Apple and Disney's distribution plans could force Netflix to introduce a cheaper tier, with ads, one Wall Street analyst says.
The streaming-video giant has repeatedly said it does not want to be in the business of selling ads. But Apple and Disney are changing the economic reality of the streaming-video industry in the US, Laura Martin, senior internet and media analyst at Needham, told Business Insider.
The two companies, which are launching subscription-video platforms in November, recently announced bundles and other offerings that effectively make their services free or very cheap for users who buy or subscribe to their other products.
"The wealthiest people are going to get their SVOD services for free," Martin said. "Netflix cannot sustain just a $13 or $10 price point. They must have a cheaper option, or people will disconnect."
Netflix will have to introduce a $6-per-month service supported by advertising to compete, Martin previously told CNBC's "Squawk Alley" on Wednesday.
Apple, Disney, and Amazon are making it very cheap for some people to access their services.
Today, Netflix's cheapest plan costs $9 per month in the US. Its standard and most popular plan costs $13 per month, and its most expensive costs $16.
Apple, meanwhile, is giving its $5-per-month Apple TV Plus service away free for one year to anyone who buys an iPhone, iPad, Apple TV, iPod touch, or Mac. The service will launch with nine original series, making its library magnitudes smaller than Netflix.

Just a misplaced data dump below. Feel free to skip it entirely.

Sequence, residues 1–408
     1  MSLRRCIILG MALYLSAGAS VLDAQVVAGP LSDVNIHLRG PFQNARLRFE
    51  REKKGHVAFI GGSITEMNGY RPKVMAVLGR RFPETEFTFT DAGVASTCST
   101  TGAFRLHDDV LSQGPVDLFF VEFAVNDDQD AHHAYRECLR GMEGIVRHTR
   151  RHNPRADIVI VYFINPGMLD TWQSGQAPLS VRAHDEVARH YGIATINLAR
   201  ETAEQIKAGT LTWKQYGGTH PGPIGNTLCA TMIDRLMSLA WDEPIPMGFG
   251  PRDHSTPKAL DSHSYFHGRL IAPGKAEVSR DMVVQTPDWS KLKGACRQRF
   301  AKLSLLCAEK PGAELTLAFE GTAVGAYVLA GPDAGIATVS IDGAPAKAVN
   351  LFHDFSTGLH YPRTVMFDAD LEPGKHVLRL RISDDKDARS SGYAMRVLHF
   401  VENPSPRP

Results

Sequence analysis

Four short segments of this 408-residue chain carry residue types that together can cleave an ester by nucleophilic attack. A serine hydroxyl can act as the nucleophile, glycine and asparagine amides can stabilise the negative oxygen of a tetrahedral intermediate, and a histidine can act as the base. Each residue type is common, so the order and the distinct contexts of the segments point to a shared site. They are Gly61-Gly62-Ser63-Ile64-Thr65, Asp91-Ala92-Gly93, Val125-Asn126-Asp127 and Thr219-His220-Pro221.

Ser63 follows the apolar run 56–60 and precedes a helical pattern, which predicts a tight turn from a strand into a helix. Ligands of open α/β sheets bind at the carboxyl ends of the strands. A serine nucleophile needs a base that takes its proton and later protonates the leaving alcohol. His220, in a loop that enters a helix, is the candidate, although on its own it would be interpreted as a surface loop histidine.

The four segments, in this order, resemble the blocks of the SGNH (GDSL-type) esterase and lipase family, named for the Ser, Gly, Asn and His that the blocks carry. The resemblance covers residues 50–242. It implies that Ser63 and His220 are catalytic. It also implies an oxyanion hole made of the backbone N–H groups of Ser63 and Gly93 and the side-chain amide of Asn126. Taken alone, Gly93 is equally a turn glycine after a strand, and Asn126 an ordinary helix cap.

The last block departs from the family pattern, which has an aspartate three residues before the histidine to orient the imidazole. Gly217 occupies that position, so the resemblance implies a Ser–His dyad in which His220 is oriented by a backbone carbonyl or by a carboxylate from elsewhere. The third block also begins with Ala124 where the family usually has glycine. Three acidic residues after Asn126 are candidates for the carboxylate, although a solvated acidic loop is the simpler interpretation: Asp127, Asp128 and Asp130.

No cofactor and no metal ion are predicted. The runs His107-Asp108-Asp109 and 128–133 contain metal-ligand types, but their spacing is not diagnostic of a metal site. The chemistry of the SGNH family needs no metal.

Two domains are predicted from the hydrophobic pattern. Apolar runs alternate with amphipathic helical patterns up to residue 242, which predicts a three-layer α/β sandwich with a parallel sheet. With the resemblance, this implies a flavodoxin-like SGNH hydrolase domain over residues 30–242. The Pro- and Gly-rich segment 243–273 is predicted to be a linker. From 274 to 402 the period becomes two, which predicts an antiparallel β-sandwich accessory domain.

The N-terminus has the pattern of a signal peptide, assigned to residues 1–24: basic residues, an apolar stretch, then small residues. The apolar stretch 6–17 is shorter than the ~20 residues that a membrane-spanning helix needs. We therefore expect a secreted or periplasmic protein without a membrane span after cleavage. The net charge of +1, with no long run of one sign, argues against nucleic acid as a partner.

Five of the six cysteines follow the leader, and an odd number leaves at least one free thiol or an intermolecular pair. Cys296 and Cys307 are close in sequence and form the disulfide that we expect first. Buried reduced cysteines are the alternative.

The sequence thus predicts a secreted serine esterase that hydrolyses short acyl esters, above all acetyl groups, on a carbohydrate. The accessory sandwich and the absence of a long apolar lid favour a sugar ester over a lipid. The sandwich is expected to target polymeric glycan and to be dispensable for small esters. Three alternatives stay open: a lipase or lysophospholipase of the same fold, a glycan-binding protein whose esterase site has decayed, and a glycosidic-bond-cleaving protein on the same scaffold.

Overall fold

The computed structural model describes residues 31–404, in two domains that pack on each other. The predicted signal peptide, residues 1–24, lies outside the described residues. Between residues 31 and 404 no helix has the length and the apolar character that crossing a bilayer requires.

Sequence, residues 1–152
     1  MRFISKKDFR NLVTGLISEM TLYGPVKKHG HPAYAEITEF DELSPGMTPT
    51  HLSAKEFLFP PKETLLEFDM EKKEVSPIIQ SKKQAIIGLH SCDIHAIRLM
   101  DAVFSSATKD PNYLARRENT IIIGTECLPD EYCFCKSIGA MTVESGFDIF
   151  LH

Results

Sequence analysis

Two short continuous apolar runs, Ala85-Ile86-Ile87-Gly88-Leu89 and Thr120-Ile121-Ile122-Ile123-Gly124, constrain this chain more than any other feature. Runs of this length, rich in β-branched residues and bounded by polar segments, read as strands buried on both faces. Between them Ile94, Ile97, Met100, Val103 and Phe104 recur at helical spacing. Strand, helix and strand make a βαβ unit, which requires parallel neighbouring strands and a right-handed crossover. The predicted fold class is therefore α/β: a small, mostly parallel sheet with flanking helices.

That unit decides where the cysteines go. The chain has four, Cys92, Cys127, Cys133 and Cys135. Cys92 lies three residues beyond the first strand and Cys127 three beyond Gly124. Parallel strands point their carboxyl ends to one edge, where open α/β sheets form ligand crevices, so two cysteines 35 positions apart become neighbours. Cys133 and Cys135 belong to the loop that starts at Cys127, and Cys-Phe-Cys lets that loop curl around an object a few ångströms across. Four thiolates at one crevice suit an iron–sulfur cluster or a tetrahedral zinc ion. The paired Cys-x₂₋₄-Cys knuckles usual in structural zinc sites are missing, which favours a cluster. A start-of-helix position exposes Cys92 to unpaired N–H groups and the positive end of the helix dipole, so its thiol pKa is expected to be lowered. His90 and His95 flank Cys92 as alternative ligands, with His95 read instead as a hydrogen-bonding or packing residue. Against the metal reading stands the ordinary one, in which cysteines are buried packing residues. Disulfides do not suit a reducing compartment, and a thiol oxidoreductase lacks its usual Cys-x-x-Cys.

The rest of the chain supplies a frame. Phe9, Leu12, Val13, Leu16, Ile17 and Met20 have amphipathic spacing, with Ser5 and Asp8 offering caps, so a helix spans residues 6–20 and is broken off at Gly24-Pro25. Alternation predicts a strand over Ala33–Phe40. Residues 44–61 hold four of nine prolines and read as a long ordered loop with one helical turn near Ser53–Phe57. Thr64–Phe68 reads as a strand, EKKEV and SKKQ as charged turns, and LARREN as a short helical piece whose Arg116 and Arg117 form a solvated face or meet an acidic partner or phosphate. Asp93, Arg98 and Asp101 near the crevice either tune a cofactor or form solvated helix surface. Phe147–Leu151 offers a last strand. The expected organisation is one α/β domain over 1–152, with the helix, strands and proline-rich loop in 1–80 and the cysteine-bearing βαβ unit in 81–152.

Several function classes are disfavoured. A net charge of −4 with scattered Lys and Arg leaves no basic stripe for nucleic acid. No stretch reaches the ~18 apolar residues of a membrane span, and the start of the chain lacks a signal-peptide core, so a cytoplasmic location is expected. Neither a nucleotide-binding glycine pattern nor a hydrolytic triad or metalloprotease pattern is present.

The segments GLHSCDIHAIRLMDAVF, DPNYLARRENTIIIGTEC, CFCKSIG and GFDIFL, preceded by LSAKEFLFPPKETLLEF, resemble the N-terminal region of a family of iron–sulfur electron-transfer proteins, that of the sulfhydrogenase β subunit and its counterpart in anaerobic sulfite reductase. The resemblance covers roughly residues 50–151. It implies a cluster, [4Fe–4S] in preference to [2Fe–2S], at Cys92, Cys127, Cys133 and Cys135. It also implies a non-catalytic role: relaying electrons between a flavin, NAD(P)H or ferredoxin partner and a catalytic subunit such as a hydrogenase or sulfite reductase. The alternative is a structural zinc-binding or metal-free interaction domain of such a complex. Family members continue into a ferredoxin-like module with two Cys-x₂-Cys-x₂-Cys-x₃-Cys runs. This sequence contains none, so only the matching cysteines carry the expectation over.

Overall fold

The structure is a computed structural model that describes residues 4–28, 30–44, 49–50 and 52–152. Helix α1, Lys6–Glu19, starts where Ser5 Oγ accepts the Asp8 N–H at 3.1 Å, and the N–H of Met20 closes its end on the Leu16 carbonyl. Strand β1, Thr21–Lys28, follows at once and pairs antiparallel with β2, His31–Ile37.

Disney is bundling its forthcoming $6-per-month Disney Plus service with its other streaming services, ESPN Plus and the ad-supported version of Hulu, for $13 per month. Martin said she wouldn't be surprised to also see Disney offer a few months of the service for free to theme park goers.
Amazon Prime Video also comes "free" with a $119-per-year Prime shipping membership.
People who can't afford to buy new Apple devices, Prime shipping subscriptions, or larger streaming bundles will have to balance the costs of a Netflix subscription with the other options that are hitting the marketing. That may mean cutting Netflix in favor of one of these other services, which also have lower starting points than Netflix.
"Netflix too must have lower-cost option," Martin said.
Martin said CBS All Access, which charges $6 per month with ads — fewer ads than air on its TV channel — and $10 per month without, is a good model for Netflix. Two-thirds of the service's roughly 4 million subscribers pay for the version with ads. While Netflix has a larger library, CBS has live sports, which makes them comparable, Martin said.
Netflix will need advertising to offset the cost of the cheaper plan and continuing to invest heavily in content, because it doesn't have another meaningful revenue stream besides subscriber fees, Martin said.
"Reed [Hastings] has said repeatedly he will not do ad supported," Martin said, referring to the Netflix CEO. "Our contention is he must have an ad-supported option in order to lower that price point."
Analysts at Nomura's Instinet have also said advertising revenue could help improve Netflix's bottom line, cut down on its debt load, and improve free cash flow.
Netflix has already started to experiment with lower-cost plans outside of the US. It introduced a mobile-only option in India that costs roughly half the price of its next cheapest tier.
"Netflix has used the tie ring philosophy to great success in India and other foreign countries," Martin said. "It must bring that tiering and marketing notion to America. It must have far cheaper service."